After many delays and high profile budget issues, officials in Arizona have announced 52 new surveillance towers designed to make border patrol more thorough and effective. Seven of the towers have already been constructed in Nogales, AZ, south of Tucson, with several more scheduled to be built in Douglas and Sonoita in January 2016.
The towers are outfitted with radar, daylight cameras, and infrared cameras for nighttime recording. The security equipment is installed on 80-foot towers in the hills surrounding Nogales, allowing patrol agents to monitor areas they previously couldn’t.
These towers are the final phase of a security initiative in Arizona. Previously, equipment existed in the form of underground sensors and mobile units. There were also towers in urban areas, although they only feature the cameras, not the radar sensor.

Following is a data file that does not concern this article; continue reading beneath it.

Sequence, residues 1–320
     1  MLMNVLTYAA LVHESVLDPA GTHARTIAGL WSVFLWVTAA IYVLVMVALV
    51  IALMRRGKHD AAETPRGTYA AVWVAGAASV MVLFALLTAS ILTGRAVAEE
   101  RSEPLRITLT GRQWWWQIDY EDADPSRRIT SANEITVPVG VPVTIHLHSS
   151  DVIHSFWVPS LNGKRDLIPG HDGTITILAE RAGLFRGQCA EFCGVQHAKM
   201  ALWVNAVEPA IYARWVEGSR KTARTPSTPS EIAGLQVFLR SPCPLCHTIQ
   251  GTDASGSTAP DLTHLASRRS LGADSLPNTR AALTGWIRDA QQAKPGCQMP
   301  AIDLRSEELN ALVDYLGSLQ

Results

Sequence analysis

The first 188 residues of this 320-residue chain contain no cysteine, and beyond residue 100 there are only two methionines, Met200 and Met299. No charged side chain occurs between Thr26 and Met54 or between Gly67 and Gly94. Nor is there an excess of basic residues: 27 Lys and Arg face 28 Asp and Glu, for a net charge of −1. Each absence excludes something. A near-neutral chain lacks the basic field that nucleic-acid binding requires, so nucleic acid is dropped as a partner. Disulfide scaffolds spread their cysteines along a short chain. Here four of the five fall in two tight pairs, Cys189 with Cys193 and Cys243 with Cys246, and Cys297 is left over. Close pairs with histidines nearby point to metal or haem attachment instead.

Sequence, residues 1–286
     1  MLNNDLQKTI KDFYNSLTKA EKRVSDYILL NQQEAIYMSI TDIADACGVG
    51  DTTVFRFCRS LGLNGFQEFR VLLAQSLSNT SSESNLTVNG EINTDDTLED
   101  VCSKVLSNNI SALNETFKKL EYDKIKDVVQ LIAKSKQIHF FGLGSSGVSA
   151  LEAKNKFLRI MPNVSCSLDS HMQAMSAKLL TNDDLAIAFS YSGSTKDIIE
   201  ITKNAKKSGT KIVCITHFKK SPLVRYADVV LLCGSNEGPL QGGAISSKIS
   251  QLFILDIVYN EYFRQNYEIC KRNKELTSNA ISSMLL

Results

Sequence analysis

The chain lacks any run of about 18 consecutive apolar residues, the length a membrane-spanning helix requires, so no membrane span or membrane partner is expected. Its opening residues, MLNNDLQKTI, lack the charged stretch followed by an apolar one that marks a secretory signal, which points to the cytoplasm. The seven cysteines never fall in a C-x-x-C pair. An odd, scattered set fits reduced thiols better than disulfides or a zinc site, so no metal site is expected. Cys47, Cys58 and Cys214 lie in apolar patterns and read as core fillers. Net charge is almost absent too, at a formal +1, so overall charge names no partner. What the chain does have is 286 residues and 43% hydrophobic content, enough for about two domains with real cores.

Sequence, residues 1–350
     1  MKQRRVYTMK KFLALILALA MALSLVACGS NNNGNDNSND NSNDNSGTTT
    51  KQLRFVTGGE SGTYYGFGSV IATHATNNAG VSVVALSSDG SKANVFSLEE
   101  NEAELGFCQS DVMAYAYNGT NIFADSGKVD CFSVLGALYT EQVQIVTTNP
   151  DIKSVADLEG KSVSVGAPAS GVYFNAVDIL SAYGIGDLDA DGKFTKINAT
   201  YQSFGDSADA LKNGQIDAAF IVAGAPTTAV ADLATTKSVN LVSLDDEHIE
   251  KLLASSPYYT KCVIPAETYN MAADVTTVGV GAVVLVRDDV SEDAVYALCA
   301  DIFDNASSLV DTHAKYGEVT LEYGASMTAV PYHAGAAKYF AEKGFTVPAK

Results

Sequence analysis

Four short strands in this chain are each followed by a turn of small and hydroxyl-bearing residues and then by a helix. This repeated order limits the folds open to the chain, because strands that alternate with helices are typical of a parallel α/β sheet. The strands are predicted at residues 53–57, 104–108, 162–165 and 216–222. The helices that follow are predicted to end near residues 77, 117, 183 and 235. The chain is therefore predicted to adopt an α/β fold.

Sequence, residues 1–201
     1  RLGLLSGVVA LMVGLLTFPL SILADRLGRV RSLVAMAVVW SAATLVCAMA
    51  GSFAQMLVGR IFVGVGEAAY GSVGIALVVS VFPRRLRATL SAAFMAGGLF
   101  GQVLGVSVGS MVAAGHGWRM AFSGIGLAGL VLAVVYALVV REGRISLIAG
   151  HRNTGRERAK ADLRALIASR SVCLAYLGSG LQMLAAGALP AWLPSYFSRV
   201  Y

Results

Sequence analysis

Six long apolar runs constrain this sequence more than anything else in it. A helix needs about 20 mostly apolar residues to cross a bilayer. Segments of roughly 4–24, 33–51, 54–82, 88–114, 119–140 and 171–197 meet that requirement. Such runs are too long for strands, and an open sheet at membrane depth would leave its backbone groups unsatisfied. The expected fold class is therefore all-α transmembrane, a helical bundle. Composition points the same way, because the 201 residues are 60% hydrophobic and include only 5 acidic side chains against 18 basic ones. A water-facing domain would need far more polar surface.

Installing these new towers on the border allows for nearly complete awareness, granting high-resolution video of incoming people. The cameras can see whether or not incoming people have backpacks or weapons, or if they are driving vehicles.
The security technology accounts for about 90% of illegal traffic. Smugglers often make attempts to dodge the cameras, forcing the mobile patrol units to keep a sharp eye out for new tactics.
Some residents of Nogales are concerned about the potential of these towers to invade their privacy. With such enormous reach, they are useful for stopping illegal traffic, but not all residents are supportive of what they see as a growing military outpost.
Jose Verdugo, one of the patrol operators in Nogales, assures residents that there is no intention of invading the privacy of American citizens. There are multiple agents and a supervisor operating each tower, creating a system of accountability. Nevertheless, residents dislike how the towers in their city, which depends on tourism, create an air of militarization.